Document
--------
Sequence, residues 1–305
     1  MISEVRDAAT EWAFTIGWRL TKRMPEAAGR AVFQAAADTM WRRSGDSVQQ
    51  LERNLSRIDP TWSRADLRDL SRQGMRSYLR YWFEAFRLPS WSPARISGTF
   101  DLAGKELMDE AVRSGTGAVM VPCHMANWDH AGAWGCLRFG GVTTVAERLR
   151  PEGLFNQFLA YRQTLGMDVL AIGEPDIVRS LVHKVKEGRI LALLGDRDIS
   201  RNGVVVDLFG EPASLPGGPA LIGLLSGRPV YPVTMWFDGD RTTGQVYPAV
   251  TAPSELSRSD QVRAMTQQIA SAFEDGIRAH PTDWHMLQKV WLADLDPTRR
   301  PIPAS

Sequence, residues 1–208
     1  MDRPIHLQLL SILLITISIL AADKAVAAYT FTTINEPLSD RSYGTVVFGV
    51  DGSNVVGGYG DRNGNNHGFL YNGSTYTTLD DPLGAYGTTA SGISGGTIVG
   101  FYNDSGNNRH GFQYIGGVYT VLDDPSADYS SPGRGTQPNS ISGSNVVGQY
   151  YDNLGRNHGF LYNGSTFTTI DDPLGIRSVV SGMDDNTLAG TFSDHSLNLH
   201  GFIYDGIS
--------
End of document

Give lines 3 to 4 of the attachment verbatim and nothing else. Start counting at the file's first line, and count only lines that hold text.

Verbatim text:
    51  LERNLSRIDP TWSRADLRDL SRQGMRSYLR YWFEAFRLPS WSPARISGTF
   101  DLAGKELMDE AVRSGTGAVM VPCHMANWDH AGAWGCLRFG GVTTVAERLR